\usepackage{xcolor}
\newcommand{\how}[1]{
\textit{\textcolor{red}{(#1)}}
}
\begin{document}
\how{quietly} Hello, are you there? \how{shouting} Is anyone there?
\end{document}

• I know how to define macros. The question was about square brackets – Tobi Jun 15 at 17:22

If you really want this interface, you can parse through the text with TeX:

\documentclass{article}

\usepackage{enumitem}

\newlength\widest
\settowidth\widest{\textbf{Longest Name in document}}

\makeatletter
\def\@stop{\@stop}%
\long\def\says@parse#1[#2]{%
#1%
\ifx\@stop#2\else
\how{#2}%
\expandafter\says@parse
\fi
}
\long\def\says#1#2{%
\begin{description}[leftmargin=\dimexpr\widest+\labelsep\relax,labelindent=0pt,labelwidth=\widest]%
\item[#1]%
\says@parse #2[\@stop]%
\end{description}%
}
\def\how#1{%
\ifhmode\unskip\ \fi
\textsl{(#1)}%
~\ignorespaces
}
\let\normalbackslash\@backslashchar
\makeatother

\begin{document}

\says{Minka}{[quietly]Hello, are you there? [shouting] Is anyone there?}
\says{Tobi}{
[annoyed]  Oh, don't be so fearful.
You know I'm here!
Just don't concentrate on what you're doing and you'll be fine.

[rambling]
It's not like a lot could go wrong anyway.
I mean, it's just a program, your computer won't literally explode.
If you somehow mess it up completely, we'll just reinstall it and you can try again.
[resigned] But okay, I'll explain it to you again.

[lecturing] You just write \texttt{\normalbackslash says}, then a pair of braces containing the name of the person speaking\dots
[pausing] Good, like that.
Now you open another pair of braces and put their dialogue in there.
Close the brace, and [happily] you're done.
}

\end{document}


This has some downsides.

• The syntax is not very well suited to the use, I think. Whenever you input many paragraphs as an argument to a macro, stop and ask yourself if this really should be an environment
• More importantly, as a consequence of this, you can't use any macros that change \catcodes inside of the text (like \verb). In my example, I had to use \texttt and \@backslashchar instead.

A better approach, in my opinion, would be the use of an environment and an active character. We do not want to make [ (or ]) active, because that would break all optional arguments. If you are open to changing the syntax from [instruction] to |instruction|, we can do this quite nicely though.

\documentclass{article}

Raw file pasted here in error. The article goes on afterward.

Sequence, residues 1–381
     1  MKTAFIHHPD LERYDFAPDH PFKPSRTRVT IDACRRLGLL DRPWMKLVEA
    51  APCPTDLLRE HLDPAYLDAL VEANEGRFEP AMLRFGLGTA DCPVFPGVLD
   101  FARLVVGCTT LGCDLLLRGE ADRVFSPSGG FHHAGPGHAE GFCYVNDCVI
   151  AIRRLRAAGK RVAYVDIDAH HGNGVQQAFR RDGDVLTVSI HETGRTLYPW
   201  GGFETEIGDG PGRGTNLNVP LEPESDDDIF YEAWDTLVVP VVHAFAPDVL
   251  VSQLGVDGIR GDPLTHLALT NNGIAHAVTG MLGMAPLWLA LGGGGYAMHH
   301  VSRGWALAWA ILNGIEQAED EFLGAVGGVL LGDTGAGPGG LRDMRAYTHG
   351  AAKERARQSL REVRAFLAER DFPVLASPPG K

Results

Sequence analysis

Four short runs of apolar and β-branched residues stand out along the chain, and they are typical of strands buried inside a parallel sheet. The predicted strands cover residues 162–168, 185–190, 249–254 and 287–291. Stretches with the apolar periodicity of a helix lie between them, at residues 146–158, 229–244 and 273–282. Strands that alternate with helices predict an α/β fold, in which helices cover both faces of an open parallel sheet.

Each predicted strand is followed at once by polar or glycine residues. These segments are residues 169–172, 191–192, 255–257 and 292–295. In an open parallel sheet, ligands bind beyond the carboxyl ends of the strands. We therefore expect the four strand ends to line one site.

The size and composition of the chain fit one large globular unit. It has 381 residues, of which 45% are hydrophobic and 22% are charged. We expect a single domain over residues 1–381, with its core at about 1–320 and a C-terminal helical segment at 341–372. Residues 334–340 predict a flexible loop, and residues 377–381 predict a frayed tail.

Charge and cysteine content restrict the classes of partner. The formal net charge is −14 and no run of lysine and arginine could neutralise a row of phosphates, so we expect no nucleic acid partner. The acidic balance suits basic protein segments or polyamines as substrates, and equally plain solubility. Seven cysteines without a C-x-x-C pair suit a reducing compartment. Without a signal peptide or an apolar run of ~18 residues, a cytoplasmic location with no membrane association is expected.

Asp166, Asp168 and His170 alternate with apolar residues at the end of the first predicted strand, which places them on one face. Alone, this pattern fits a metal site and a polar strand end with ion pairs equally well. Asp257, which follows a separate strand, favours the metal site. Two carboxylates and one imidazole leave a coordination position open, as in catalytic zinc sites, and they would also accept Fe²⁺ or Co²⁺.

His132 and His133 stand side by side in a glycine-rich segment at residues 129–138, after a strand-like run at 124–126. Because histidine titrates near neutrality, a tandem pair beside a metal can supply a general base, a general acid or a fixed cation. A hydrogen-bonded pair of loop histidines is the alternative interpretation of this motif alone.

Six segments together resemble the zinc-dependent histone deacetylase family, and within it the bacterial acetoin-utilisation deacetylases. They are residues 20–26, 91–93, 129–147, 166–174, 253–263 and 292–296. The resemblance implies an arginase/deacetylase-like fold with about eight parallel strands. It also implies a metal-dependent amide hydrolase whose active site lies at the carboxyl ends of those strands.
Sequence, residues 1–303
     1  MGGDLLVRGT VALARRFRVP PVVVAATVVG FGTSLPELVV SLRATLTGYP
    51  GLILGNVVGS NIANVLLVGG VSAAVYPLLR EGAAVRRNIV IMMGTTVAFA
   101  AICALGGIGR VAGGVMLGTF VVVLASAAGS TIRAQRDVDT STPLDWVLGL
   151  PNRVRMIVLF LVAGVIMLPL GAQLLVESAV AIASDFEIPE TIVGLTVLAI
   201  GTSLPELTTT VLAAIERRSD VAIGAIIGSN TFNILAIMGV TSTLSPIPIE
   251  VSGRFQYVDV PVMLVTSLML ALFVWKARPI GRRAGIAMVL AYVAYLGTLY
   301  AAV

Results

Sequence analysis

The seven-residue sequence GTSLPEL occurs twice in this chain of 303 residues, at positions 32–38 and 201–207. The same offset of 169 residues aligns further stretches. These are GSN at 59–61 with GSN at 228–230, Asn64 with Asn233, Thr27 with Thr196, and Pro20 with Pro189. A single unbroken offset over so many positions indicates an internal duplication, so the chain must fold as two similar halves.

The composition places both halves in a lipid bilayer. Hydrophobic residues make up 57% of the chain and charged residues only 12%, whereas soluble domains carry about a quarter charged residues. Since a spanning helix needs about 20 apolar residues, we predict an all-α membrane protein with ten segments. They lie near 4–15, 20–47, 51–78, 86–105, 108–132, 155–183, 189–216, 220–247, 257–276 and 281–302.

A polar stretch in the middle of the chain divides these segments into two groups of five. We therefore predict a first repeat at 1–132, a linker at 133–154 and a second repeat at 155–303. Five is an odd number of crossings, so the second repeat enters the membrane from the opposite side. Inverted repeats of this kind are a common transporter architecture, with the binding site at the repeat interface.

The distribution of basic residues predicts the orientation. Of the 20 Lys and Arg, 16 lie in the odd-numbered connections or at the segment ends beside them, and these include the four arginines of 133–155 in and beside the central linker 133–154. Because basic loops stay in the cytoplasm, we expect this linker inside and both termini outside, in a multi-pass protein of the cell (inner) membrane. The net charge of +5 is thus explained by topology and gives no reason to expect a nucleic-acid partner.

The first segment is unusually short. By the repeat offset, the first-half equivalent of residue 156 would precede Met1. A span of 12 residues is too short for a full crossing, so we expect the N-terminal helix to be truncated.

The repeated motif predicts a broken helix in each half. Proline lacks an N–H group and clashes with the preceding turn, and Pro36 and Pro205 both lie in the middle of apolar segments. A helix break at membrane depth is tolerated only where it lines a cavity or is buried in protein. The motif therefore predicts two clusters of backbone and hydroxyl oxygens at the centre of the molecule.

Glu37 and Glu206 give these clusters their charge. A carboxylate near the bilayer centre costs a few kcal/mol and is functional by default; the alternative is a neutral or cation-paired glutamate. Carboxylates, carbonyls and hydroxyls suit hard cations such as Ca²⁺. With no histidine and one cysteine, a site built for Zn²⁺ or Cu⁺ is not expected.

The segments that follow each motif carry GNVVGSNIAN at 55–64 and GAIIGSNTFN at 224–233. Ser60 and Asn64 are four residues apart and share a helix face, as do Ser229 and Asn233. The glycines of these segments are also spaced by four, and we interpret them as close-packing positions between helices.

\usepackage{enumitem}

\newlength\widest
\settowidth\widest{\textbf{Longest Name in document}}

\makeatletter
\def\@speech#1{%
\item[#1]%
\catcode\|=13
}
\newenvironment{dialogue}{%
\let\speech\@speech
\begin{description}[leftmargin=\dimexpr\widest+\labelsep\relax,labelindent=0pt,labelwidth=\widest]%
}{%
\end{description}%
}
\def\how#1{%
\ifhmode\unskip\ \fi
\textsl{(#1)}%
~\ignorespaces
}
{
\catcode\|=12
\gdef\verticalbar{|}
\catcode\|=13
\AtBeginDocument{%
\gdef|{\ifmmode\verticalbar\else\expandafter\@how\fi}%
}
\gdef\@how#1|{%
\how{#1}%
}
}
\makeatother

\begin{document}

\begin{dialogue}
\speech{Minka}
|quietly|Hello, are you there? |shouting| Is anyone there?

\speech{Tobi}
|annoyed|  Oh, don't be so fearful.
You know I'm here!
Just don't concentrate on what you're doing and you'll be fine.

|rambling|
It's not like a lot could go wrong anyway.
I mean, it's just a program, your computer won't literally explode.
If you somehow mess it up completely, we'll just reinstall it and you can try again.
|resigned| But okay, I'll explain it to you again.

|lecturing| In the \verb|dialogue| environment, you just write \verb|\speech|, then a pair of braces containing the name of the person speaking\dots
|pausing| Good, like that.
Now you just type on what they should say.
Close the brace, and |happily| you're done.
\end{dialogue}

\end{document}

• I like your second solution. | is as good for my users as [...] and it seems way more stable. However the \begin ... \end might already be too complex. I'll check if I can define my \says in a way that it could handle that internally (e.g. \newcommand\says[2]{\begin{dialogue}\speech{#1}#2\end{dialogue}}... One reason for this is: the less the users need to write the more likely is it, that they will use latex (instead of Google Docs and mess up all the layout) – Tobi Jun 19 at 13:05
• @Tobi While it is possible to define such a syntax, I want to strongly discourage you from taking that path. You would either have to do a lot of low level programming to account for all the ways your users might use slightly different syntax than you intended, or you would still have to accept all \catcodes to be frozen, even if you adjust |` first. It is much better to just teach your users what an environment is. – schtandard Jun 19 at 15:08
• @Tobi As a more general point, I do not believe the way to get people to use LaTeX is to require them to use as few syntactical constructs as possible, but rather to design a clear interface that reflects the semantics of the content that is to be typeset. That is the fundamental strength of LaTeX, after all. (LaTeX has already done most of the work for you, here, compared to its foundation TeX. If you provide the preamble, your users will only have to learn the rules for spaces and paragraphs and a select number of macros and environments, with a highly standardized syntax.) – schtandard Jun 19 at 15:13